According to Arnet, the fan mail he received wasn’t just a bunch of young kids gushing to their idol. Kids would tell Rogers about a pet or family member who died, or other issues with which they were grappling. “No child ever received a form letter from Mister Rogers," Arnet said, noting that he received between 50 and 100 letters per day.

4. ANIMALS LOVED HIM AS MUCH AS PEOPLE DID.

It wasn’t just kids and their parents who loved Mister Rogers. Koko, the Stanford-educated gorilla who understands 2000 English words and can also converse in American Sign Language, was an avid Mister Rogers’ Neighborhood watcher, too. When Rogers visited her, she immediately gave him a hug—and took his shoes off.

5. HE WAS AN ACCOMPLISHED MUSICIAN.

Though Rogers began his education in the Ivy League, at Dartmouth, he transferred to Rollins College following his freshman year in order to pursue a degree in music (he graduated Magna cum laude). In addition to being a talented piano player, he was also a wonderful songwriter and wrote all the songs for Mister Rogers' Neighborhood—plus hundreds more.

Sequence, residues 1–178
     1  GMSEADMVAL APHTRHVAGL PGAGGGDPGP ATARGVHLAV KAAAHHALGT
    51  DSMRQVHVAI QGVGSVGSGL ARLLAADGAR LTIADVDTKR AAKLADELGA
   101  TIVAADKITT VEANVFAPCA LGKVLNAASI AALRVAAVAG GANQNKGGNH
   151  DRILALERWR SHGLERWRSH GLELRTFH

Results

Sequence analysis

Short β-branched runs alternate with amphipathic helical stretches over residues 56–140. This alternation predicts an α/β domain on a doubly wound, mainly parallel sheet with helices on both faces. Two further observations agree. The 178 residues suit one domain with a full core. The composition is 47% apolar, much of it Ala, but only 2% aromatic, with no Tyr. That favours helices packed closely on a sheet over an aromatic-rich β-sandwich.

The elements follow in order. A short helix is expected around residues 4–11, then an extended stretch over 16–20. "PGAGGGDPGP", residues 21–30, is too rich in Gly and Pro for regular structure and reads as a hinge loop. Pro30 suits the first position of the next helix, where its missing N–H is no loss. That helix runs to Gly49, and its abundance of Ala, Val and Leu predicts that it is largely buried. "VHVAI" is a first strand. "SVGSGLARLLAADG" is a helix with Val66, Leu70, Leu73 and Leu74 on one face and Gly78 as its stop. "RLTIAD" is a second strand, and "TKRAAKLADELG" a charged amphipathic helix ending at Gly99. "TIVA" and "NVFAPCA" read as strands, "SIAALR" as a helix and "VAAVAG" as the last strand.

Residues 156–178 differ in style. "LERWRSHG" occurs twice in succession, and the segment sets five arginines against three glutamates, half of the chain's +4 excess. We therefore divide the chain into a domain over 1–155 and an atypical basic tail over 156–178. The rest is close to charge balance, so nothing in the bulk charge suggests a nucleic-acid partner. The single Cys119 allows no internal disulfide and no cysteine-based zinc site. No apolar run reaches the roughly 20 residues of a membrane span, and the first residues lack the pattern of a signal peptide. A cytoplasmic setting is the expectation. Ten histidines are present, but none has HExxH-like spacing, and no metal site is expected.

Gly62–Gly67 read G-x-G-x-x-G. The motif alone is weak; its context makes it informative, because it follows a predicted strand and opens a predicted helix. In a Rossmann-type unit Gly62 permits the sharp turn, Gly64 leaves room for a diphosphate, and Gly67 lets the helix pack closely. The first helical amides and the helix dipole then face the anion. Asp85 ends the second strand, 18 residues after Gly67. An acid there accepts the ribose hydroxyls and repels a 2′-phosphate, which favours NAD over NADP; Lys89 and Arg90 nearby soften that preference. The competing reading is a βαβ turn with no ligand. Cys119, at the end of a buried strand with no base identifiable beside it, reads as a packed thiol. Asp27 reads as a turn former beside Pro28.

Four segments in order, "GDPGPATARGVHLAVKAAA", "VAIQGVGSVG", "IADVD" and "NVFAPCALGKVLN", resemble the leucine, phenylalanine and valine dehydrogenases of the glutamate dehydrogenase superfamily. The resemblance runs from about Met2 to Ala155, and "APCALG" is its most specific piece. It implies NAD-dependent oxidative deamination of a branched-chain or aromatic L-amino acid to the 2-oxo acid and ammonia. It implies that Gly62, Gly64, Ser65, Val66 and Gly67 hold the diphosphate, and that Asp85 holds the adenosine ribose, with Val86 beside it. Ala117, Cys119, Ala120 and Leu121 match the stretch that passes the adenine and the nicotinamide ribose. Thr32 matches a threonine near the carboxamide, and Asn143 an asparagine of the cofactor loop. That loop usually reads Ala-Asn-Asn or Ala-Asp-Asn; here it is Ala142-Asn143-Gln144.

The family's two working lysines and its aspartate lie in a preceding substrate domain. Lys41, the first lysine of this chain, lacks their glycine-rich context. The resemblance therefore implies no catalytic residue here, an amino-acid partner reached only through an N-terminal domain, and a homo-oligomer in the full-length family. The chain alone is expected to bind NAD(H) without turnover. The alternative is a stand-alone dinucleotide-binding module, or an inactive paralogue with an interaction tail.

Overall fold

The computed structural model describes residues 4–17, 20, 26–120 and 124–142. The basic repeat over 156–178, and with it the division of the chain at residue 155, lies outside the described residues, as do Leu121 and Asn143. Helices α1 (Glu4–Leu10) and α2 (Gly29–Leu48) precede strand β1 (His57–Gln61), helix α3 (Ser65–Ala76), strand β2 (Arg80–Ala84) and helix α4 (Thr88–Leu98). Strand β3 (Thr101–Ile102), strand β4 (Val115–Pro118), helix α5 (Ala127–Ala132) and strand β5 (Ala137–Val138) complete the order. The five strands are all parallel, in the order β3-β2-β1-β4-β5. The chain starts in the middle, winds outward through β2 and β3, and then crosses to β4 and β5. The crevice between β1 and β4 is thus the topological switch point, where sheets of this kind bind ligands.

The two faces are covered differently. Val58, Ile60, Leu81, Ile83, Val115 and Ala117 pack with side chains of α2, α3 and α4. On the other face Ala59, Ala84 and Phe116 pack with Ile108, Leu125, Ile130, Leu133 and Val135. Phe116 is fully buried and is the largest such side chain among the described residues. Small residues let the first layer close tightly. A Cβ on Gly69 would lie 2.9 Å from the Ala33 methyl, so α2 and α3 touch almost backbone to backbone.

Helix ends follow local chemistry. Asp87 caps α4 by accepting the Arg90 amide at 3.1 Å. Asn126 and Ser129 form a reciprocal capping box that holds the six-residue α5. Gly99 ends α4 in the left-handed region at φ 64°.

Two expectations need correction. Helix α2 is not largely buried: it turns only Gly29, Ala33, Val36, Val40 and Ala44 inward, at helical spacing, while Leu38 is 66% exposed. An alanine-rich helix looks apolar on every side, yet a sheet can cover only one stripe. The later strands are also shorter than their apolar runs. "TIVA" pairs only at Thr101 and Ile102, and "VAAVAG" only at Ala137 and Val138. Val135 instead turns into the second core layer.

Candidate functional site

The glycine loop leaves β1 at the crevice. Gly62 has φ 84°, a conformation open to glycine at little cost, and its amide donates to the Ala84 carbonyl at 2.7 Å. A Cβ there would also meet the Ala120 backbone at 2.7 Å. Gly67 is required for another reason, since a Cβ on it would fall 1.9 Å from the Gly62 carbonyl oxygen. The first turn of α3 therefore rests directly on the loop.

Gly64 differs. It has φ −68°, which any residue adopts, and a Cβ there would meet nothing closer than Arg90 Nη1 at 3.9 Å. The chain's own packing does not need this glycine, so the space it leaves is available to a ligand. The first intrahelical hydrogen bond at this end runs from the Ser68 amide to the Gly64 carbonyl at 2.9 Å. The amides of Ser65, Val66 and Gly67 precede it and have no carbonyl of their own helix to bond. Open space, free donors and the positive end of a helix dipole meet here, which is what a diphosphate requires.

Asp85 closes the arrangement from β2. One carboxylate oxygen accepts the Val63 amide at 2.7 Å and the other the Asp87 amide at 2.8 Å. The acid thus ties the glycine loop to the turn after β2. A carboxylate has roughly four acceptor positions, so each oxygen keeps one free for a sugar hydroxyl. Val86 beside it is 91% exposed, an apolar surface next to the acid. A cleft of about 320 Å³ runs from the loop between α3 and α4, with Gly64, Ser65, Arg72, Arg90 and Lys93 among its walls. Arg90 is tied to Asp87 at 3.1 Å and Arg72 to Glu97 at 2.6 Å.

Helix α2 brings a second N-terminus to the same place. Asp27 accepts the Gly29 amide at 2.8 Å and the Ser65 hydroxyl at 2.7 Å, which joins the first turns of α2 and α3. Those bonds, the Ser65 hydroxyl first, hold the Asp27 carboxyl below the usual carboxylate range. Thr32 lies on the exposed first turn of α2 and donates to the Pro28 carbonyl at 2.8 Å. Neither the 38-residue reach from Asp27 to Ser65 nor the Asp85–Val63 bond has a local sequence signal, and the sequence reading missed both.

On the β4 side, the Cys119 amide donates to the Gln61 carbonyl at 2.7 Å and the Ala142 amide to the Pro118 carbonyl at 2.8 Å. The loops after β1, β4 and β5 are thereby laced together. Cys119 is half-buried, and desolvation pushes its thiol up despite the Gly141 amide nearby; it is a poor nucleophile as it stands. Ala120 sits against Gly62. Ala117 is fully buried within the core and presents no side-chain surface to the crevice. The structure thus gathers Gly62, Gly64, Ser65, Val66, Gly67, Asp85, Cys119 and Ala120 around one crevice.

6. HIS INTEREST IN TELEVISION WAS BORN OUT OF A DISDAIN FOR THE MEDIUM.

Rogers’s decision to enter into the television world wasn’t out of a passion for the medium—far from it. "When I first saw children's television, I thought it was perfectly horrible," Rogers told Pittsburgh Magazine. "And I thought there was some way of using this fabulous medium to be of nurture to those who would watch and listen."

7. KIDS WHO WATCHED MISTER ROGERS’ NEIGHBORHOOD RETAINED MORE THAN THOSE WHO WATCHED SESAME STREET.

A Yale study pitted fans of Sesame Street against Mister Rogers’ Neighborhood watchers and found that kids who watched Mister Rogers tended to remember more of the story lines, and had a much higher “tolerance of delay,” meaning they were more patient.